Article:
Title: Skeletons for your spineless avatar
Author: Gedalia Pasternak
Created: May 6, 1999
Modified: June 22,1999

What Biped Lacks:

A good facial animation system

One question that that I want to addresses: Why does character studio lack a facial animation system? it seems like a obvious thing to do. Traditionally character animation facial animation has been accomplished via a morph or shape animation system . What this means is that the artist would physically transform the vertices of a face and then save the information into the object. These targets could then be used as weights are superimposed upon each other. That is, a face could have a smile and a raised eyebrow stored and the artist mixes them together creating compound expression. Muscle simulations would make most artists twitch.)

It works for Jar Jar, why shouldn't we do it? This is a technique that will only work on one model because you can't share the topology between two dissimilar meshes. There are two possible solutions for our animation system conundrum.

  1. We create a shape based animation system. Encoding the various facial transforms and then allow users to alter the basic mesh and create new avatars with the basic expressions hard coded in. This solution seems plausible but really limits the flexibility of the animation system in the avatars.
  2. The second solution and used to create our own type of biped specifically for humanoid faces. This allows any character that is properly set up to share animations with each other as well as interface properly with the system, this seems like a better solution, however not a simple one. What does that imply? There are quite a number of different types of muscles in the face. Fred Park has created a muscle simulation that deals may mainly with the muscles that contract. With this facial expression model one can raise ones eyebrows, smile, frown and furrow the brow.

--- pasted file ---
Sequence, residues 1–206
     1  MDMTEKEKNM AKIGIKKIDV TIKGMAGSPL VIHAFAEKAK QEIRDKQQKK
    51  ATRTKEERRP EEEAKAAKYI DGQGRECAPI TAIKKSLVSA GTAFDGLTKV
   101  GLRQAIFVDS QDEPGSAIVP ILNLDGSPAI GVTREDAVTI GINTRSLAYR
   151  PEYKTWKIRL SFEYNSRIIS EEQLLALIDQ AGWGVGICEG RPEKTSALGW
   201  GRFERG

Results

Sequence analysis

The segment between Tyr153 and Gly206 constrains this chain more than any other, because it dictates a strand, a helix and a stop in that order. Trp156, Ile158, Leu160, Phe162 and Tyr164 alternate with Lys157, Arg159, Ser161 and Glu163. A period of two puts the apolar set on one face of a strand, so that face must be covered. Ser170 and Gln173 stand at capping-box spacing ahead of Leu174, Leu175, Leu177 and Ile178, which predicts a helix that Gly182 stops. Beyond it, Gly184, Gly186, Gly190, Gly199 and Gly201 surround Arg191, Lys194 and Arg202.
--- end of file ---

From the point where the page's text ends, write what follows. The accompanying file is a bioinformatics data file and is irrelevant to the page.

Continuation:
The structures necessary for this to work:

Upper facial node

  • Upper eyelid
  • Eyeball
  • Lower eyelid
  • Frontalis
  • Corrugator
  • Orbicularis Oculi

Lower facial node

  • Tongue node
  • Jaw bone
  • Labii superioris
  • Obricularis Oris
  • Zygomatic Major
  • Mentalis


The yellow lines indicate muscles. a structure like this will have to be placed as part of the skeleton. so that the facial simulator has something to work with.

Facial Structure in 3ds Max Necessary for:

Jaw articulation
Eye lid articulation
Eye Movement

Results (of the structure to the right) (movie removed for space reasons.

 NOTE: This took me approximately 6 hours to do. This is partly due to the fact that the automatic tools in character studio are geared to towards envelopes that are going to be applied to legs. The face on the other hand is an extremely elastic structure with a lot of fine motion and interaction, with very little gross distortions. Another issue they came up is that it is much too easy to be forced to start from scratch using character studio. In the process of animating a character you very often discover a flaw in the mesh that needs to be corrected. The correction can actually wind up erasing the vertex weighting that has been performed.

It is possible the could create our own enveloping tools more geared towards facial features then large joints. For instance the mouth would be a better represented by an oval shape. The first co-ordinate representing the weight of the jaw's influence and the 2nd the weight of the static root node.